If you carry out contract work or engage contractors, you’ll likely be affected by IR35 rules that are about to change. Gavin Dent, regional director at recruitment company Roc Search, explains what you need to know.
It might not be such a happy new year for businesses that aren’t already up to speed on changes in IR35 rules due in April 2020. The IR35 ‘off-payroll working’ rules will affect many businesses across the country.
What is IR35?
IR35 tax legislation is designed to combat tax avoidance. It was put in place to help HMRC detect ‘disguised employees’. These are workers supplying services via an intermediary, (usually the worker’s own limited company) but who would be regarded as an employee if the intermediary did not exist. If deemed ‘inside’ IR35, the worker must pay tax and national insurance contributions as if they were an employee.
Initially implemented in 2000, the responsibility for determining whether IR35 applies or not has historically rested with the worker. However, the rules in the public sector changed in 2017, shifting responsibility to the hirer. If the hirer considers that IR35 applies, the ‘fee payer’ (the company that pays the intermediary – this could be the hirer itself or a recruitment business) is responsible for making deductions for PAYE and employee NICs, and paying employer NICs.
These changes are now being rolled-out to the private sector and will affect all UK companies that have contractors working for them – unless the company has a turnover of less than £10 million and fewer than 50 staff.
What is changing?
With IR35 changes being rolled-out to the private sector from April 6 2020, companies will need to audit their current workforce. The new rules will apply to any payments made from April 6 onwards regardless of when the work actually took place. Hirers will also need to prove that the necessary steps are being taken to correctly determine each contractor’s IR35 status on a case-by-case basis (a process referred to as ‘reasonable care’, although precisely what this means is still unclear at this stage). If reasonable care is not taken, or if the hirer fails to provide an IR35 determination at all, then the fee payer’s liability will shift to the hirer.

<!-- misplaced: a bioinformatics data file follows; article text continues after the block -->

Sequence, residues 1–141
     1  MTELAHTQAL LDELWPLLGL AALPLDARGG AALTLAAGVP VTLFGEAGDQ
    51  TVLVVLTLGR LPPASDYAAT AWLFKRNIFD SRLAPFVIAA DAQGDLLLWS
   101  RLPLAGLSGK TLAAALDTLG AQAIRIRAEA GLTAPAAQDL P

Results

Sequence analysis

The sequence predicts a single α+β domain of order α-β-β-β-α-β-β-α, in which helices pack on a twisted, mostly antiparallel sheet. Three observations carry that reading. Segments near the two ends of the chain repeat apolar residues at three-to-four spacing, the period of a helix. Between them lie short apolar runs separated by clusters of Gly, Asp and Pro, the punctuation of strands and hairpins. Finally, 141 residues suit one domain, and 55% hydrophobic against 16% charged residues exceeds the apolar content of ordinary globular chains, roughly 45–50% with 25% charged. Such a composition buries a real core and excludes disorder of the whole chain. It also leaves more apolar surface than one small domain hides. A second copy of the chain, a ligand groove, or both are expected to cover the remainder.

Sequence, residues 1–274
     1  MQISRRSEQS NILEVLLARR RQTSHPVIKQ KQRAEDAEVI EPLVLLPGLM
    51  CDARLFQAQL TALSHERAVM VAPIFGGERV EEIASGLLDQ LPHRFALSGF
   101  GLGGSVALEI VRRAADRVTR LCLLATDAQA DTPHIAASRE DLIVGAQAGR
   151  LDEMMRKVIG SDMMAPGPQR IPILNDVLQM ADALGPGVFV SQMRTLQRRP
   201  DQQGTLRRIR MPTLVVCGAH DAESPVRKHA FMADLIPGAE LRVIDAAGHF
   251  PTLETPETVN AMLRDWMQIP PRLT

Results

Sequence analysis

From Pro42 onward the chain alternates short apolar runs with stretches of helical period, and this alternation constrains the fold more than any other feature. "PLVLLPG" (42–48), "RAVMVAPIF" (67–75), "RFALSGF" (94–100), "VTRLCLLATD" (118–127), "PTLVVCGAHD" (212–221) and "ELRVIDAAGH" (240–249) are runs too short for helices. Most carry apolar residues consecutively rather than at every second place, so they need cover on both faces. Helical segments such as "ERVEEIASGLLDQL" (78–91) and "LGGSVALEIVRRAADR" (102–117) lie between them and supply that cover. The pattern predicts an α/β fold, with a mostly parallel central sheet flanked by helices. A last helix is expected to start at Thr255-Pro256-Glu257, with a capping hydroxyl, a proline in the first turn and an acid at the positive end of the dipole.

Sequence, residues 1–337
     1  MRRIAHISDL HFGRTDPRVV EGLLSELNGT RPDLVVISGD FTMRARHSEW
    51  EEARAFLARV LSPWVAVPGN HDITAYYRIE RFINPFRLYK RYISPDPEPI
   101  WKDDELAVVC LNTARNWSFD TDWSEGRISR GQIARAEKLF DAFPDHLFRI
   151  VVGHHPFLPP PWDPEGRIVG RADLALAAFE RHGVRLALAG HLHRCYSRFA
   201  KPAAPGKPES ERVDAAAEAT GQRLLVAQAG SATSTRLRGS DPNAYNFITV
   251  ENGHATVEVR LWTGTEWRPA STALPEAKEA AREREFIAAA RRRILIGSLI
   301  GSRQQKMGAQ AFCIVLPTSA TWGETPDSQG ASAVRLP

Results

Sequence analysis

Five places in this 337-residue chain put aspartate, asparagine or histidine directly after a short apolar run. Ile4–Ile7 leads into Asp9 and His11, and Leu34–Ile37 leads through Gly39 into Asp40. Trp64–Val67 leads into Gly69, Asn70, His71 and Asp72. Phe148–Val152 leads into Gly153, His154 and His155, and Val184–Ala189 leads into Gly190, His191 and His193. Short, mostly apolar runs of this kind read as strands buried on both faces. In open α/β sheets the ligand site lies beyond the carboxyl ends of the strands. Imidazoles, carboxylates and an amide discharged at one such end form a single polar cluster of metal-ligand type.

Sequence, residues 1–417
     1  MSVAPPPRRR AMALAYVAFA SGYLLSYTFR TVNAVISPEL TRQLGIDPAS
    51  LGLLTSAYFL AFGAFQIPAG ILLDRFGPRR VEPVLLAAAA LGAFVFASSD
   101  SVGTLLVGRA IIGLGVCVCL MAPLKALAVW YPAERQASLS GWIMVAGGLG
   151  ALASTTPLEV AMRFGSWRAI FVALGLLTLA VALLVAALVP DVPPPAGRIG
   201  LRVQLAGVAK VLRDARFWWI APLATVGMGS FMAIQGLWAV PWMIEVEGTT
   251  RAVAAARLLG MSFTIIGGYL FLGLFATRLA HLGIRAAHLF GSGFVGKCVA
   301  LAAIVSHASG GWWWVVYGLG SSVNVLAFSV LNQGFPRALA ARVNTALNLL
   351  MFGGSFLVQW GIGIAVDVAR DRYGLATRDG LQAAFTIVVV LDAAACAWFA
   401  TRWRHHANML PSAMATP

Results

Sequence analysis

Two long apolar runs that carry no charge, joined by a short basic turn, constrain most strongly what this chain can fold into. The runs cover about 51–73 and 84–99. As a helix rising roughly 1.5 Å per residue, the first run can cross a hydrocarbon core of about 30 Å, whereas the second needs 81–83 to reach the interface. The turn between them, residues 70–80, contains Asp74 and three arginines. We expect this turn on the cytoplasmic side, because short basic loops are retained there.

How Roc Search can help
As a specialist technology and engineering recruitment business, we’ve already been working around the clock to ensure we make the transition as simple and cost-effective for our clients. All of our consultants have completed comprehensive IR35 training and we have set up a bespoke 24-hour project management team, guided by expert advice from our in-house legal team. We are also making a full IR35 solution available to our clients to ensure we can help with their needs.
The service we offer our clients has always been of paramount importance to us, and we have always made sure that we are able to evolve in response to market changes. We have not only the knowledge but the solutions in place internally to ensure our clients have everything they need to take on the new IR35 legislation.
How you can prepare for IR35
IR35 is going to dramatically change the business landscape and ensuring you’re ready for it is vital. Here are some tips to be prepared:
Identify individuals in your business responsible for carrying out IR35 determinations
Conduct an audit on your workforce to assess your liability
Speak to your recruitment partner about the solutions they can offer.
If you’d like to find out more about how we could help your business make this important transition, email Roc Search’s IR35 team: